In cases of an air-borne infection, the room should be treated with cloth wetted in one of the following disinfectant solutions: 0.5 per cent chloramine solution, 0.1 per cent sulphochlorantin solution. Dishes and toys should be boiled in a 2 per cent sodium hydrocar- bonate solution or kept in one of the mentioned disinfectant solutions as described above. Skin infections. Final disinfection in foci of anthrax should be carried out in the house (after hospitalization or death of the patient) or in enclosures where raw materials and products manufactured of the animals with anthrax were stored. The floor, the walls, the ceiling, pieces of furniture, and utensils should be sprayed two times (at 30 minutes interval) with one of the following solutions: 5 per cent clarified chlorinated lime solution, or 4 per cent activated chlorinated lime or chloramine solution, hot (55-60 C 'C) 5 per cent solution of formaldehyde with an additive of a 5 per cent soap, 6 per cent hydrogen peroxide solution with a 0.5 per cent detergent solution. Linen, underwear, overalls of the medical personnel, who take care of the patient, should be boiled in a 2 per cent sodium hydrocar- bonate solution for an hour or kept in a 0.1 per cent sulphochloran- tin solution for 90 minutes, or in a 1.2 per cent DP-2 solution for 30 minutes. Garments, blankets, mats and the like articles should be disinfected in steam and formaldehyde chambers. Dishes should be boiled in a 2 per cent solution of sodium hydrocarbonate for an hour, or kept in a 1 per cent activated chloramine or 6 per cent hydrogen peroxide solution containing 0.5 per cent detergent solution at a temperature of 50 °C, or in a 1.2 per cent DP-2 solution for an hour. Food remnants should be boiled in a 2 per cent sodium hydrocarbonate solution for an hour, or mixed with dry chlorina- ted lime (200 g/1, or 1:5) and allowed to stand for 4 hours. Patient's excrements should be mixed with dry chlorinated lime (200 g/1, or 5:1). Bed pans, urine receptacles, sputum receptacles should be cleaned and kept in a 20 per cent clarified solution of chlorinated lime for an hour. Excretions of the patient are taken in the ratio of 10:1 (100 g/1) and allowed to stand for 4 hours after which they are discarded to sewage. Dressing material, wastes, and inexpensive articles should be burnt. Final disinfection in a focus of plague should be performed by a disinfection brigade headed by a physician. Special antiplague overalls should be worn.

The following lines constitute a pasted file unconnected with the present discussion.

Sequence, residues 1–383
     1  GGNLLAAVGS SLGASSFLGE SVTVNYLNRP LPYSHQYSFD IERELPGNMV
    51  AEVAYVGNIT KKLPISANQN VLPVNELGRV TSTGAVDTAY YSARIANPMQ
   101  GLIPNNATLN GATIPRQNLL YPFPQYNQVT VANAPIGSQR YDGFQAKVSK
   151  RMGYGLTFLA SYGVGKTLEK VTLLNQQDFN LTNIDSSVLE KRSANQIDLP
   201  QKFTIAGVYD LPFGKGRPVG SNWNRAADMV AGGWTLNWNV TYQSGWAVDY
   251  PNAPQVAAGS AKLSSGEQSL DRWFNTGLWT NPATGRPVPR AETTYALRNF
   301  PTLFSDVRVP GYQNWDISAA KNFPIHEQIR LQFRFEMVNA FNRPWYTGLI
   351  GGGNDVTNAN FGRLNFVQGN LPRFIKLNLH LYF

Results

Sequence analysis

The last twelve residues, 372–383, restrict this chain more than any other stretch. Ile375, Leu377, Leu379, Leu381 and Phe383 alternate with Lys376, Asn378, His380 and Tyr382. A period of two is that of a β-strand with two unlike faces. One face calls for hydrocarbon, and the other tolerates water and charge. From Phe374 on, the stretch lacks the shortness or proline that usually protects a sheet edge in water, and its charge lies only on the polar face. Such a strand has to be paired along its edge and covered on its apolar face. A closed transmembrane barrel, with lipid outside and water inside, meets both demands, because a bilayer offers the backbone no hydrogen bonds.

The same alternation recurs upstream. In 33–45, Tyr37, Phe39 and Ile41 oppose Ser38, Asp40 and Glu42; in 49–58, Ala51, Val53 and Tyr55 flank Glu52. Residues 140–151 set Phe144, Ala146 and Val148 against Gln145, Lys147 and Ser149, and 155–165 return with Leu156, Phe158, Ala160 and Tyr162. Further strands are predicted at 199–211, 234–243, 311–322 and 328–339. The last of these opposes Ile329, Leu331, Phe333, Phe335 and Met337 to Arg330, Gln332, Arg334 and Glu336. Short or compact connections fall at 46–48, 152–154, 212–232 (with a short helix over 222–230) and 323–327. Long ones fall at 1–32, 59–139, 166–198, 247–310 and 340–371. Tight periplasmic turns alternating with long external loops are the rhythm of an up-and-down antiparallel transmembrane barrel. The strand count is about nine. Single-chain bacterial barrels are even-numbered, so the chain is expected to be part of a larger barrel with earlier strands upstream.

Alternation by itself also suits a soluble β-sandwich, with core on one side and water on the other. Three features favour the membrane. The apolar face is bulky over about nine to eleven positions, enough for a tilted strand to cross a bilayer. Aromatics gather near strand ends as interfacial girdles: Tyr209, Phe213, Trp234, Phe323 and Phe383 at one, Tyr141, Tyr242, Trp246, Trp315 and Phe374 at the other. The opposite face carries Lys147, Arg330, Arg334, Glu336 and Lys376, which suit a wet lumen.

of plague should be performed by a disinfection brigade headed by a physician. Special antiplague overalls

M

General Epidemiology

All rooms and objects in them should be sprayed with ample 3 per cent chloramine solution or 10 per cent lysol solution (at 60 °C). Disinsection and deratization should be carried out in an hour, then disinfection is repeated in 4 hours and the house kept locked for 3-4 days.

Quarantine Measures

Protective measures against import of and spreading of infectious diseases from other countries were specified by the World Health Organization in 1969 and 1973. Each country must have special system of measures aimed at prevention of import of infectious diseases from abroad, and if an infection is taken into a country, measures should be taken to prevent its spreading. Quarantines should be organized in cases of plague, cholera, yellow fever. (Smallpox has been completely eradicated in the world by

1982).